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THE INSIDE STORY: Tumukunde’s road to jail

Battle of wits. Museveni (right) and Tumukunde (left)

How Museveni and his top security agencies executed the plan

Kampala, Uganda | THE INDEPENDENT TEAM | On March 11 President, Yoweri Museveni, called a security meeting at State House, Entebbe, consisting of all heads of intelligence, police and army including the Chieftaincy of Military Intelligence (CMI).

He declared that time had come to immediately arrest Lt. Gen. Henry Tumukunde for speaking recklessly in the media including revealing a lot of state secrets.

“We have to bring to an end this nonsense,” Museveni reportedly said.

Tumukunde, a former minister for security who was fired in March 2018, had declared his intentions to challenge Museveni for the presidency, a factor that has always brought high-ranking army officers into trouble.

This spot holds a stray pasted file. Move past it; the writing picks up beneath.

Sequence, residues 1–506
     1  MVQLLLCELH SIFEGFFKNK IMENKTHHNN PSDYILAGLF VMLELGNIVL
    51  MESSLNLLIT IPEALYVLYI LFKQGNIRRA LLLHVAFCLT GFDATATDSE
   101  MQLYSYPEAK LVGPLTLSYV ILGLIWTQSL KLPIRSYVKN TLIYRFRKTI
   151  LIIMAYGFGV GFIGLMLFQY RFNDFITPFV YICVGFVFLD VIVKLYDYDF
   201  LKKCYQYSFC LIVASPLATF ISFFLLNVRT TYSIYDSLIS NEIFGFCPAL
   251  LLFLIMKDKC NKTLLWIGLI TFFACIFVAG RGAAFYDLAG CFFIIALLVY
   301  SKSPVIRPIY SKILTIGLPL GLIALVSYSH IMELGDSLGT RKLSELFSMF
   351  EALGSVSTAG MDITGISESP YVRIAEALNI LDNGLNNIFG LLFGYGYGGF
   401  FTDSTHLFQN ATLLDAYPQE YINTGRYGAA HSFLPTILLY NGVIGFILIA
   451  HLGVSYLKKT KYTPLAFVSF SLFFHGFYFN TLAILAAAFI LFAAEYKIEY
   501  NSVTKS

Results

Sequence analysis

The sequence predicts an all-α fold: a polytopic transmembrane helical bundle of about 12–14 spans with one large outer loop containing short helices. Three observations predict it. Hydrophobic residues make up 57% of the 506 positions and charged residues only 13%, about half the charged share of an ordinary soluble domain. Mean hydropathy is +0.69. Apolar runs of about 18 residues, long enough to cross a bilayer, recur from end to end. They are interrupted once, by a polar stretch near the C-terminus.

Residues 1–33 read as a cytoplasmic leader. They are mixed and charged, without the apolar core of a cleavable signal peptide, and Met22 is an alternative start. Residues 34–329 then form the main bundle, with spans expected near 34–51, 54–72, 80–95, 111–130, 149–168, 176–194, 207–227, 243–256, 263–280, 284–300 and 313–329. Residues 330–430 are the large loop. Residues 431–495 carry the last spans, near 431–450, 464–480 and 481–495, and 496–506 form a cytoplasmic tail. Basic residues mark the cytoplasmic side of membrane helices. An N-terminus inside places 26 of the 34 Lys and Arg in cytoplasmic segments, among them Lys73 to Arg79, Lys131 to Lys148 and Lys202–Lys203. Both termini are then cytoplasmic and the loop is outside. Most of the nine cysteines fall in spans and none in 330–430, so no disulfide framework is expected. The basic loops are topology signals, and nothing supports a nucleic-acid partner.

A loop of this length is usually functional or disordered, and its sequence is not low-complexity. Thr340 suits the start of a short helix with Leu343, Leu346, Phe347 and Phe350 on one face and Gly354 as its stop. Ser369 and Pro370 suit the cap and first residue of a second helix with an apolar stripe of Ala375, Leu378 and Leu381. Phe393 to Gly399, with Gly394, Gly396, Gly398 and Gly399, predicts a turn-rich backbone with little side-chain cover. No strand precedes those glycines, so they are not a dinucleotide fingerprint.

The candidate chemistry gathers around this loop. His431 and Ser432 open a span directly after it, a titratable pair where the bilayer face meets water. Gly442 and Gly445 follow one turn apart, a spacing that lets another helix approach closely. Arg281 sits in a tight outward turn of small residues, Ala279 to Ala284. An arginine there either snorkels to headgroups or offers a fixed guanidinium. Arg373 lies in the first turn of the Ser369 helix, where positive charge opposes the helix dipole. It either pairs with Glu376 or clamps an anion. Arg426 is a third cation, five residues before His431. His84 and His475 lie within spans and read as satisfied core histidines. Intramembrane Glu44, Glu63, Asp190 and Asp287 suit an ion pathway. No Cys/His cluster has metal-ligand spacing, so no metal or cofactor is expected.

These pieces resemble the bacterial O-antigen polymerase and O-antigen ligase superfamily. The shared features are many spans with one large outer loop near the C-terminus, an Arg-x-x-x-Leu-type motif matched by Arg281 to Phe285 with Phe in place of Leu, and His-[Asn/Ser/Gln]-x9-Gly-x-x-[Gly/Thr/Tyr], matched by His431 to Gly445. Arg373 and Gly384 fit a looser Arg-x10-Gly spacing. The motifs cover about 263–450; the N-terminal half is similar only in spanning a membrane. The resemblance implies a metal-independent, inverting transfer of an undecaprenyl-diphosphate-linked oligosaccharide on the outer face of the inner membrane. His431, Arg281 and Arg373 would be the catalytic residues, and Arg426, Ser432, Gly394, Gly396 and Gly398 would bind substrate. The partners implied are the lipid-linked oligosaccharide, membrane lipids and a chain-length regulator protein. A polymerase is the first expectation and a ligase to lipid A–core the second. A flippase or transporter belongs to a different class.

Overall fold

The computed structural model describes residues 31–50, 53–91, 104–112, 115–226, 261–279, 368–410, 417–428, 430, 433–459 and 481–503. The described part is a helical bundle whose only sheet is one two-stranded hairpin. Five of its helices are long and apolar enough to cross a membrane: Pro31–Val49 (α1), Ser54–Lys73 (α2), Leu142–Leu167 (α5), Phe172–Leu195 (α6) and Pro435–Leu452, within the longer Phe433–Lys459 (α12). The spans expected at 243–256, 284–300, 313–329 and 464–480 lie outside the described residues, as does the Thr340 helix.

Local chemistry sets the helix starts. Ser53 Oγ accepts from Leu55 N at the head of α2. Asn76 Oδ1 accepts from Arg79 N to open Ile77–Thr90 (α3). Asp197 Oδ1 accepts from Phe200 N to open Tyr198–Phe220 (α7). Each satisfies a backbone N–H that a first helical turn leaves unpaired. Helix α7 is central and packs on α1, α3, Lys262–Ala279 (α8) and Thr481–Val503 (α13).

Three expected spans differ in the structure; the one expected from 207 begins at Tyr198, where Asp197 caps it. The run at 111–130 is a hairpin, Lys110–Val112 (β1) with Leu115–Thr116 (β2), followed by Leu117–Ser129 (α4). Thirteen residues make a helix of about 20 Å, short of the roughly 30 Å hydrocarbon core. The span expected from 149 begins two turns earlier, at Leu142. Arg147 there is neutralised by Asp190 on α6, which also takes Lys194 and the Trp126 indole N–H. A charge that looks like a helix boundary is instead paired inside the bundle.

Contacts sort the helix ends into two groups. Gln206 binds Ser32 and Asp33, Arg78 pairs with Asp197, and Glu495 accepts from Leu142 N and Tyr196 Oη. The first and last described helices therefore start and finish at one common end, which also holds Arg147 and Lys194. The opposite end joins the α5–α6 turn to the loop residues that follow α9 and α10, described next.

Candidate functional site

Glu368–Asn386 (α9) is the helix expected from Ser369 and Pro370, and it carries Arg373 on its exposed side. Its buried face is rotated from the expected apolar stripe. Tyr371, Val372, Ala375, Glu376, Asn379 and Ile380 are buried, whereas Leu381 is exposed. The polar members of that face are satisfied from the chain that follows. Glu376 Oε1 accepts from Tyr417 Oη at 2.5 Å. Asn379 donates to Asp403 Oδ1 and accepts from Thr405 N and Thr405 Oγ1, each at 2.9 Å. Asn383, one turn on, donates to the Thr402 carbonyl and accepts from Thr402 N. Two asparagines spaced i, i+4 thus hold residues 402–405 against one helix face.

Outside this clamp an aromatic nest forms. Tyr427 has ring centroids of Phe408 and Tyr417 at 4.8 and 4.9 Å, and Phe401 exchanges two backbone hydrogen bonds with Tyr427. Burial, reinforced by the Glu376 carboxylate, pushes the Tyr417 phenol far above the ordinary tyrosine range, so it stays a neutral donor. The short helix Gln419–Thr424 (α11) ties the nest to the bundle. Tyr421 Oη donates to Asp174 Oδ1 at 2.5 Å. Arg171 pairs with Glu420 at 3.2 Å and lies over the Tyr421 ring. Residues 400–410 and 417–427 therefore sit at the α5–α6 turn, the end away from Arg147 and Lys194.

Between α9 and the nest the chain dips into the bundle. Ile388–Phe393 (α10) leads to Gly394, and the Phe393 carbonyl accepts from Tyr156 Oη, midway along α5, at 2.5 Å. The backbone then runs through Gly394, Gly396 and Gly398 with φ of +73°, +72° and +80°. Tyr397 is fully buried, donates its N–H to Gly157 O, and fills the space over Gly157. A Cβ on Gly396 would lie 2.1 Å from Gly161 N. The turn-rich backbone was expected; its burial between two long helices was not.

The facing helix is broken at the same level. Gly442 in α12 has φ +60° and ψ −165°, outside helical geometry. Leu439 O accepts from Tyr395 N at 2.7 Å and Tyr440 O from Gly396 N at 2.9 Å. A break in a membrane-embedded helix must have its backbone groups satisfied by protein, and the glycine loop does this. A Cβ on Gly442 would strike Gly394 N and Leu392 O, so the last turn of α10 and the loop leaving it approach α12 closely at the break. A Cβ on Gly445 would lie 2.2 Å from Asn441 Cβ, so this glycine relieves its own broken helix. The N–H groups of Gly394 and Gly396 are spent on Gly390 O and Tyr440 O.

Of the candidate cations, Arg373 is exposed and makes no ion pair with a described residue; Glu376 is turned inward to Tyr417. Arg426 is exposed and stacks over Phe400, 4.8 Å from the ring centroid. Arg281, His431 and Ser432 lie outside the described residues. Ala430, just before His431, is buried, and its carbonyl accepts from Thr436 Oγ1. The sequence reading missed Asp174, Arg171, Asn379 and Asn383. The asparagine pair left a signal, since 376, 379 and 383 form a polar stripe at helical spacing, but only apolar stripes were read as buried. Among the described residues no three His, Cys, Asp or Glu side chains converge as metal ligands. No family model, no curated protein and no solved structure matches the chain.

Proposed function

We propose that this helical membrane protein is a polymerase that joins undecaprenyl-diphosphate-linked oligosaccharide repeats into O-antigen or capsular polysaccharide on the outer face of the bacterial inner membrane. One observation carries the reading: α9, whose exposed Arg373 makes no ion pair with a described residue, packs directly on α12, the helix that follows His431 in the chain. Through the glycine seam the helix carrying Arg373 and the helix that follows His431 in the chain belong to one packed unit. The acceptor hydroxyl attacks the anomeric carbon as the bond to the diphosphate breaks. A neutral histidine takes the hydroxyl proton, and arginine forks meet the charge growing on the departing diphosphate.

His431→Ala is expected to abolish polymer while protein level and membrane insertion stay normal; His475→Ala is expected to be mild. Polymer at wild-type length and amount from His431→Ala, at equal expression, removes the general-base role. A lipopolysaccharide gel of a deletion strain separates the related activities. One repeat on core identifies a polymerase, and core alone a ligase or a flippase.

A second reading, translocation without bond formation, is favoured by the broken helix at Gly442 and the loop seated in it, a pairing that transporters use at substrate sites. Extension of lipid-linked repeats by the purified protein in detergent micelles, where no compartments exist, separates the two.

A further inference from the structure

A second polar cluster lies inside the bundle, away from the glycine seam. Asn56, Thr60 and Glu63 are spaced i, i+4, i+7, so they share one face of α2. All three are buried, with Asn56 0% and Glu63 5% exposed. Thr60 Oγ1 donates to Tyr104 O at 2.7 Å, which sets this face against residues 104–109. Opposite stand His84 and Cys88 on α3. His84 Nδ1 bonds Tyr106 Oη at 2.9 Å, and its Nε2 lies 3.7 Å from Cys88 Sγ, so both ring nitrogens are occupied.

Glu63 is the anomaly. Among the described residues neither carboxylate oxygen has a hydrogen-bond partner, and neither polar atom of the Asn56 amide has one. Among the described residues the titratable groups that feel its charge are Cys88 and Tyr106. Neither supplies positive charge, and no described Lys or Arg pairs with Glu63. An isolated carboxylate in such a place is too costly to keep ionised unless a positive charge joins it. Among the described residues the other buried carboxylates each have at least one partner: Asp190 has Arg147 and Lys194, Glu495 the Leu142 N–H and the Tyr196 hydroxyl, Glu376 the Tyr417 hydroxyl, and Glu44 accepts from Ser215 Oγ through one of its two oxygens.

He had been on a television talk-show circuit where he revealed how he tricked Museveni into releasing him from the army. He had also called upon the government of Rwanda to assist him in removing Museveni.

“Enough of Tumukunde,” Museveni reportedly said in a tough tone though remaining calm. “Leave nothing to chance. Search his home and office and see what we can find there. He has admitted he has been involved in subterranean activities. Find out what he has been doing exactly.”

The next day at 7pm, a highly armed contingent of the police’s counter terrorism force backed by Special Forces Command (SFC) soldiers’ swang into action.

They cordoned off Tumukunde’s office along Impala Avenue in the upscale Kololo residential area where he had been sported and where he also had a private office.

The office was searched and later whisked him off to Nsambya, where the Criminal Investigations and Intelligence Directorate (CIID) of the police are headquartered.

After cross-examination he was taken to a prison cell pending charges of treason.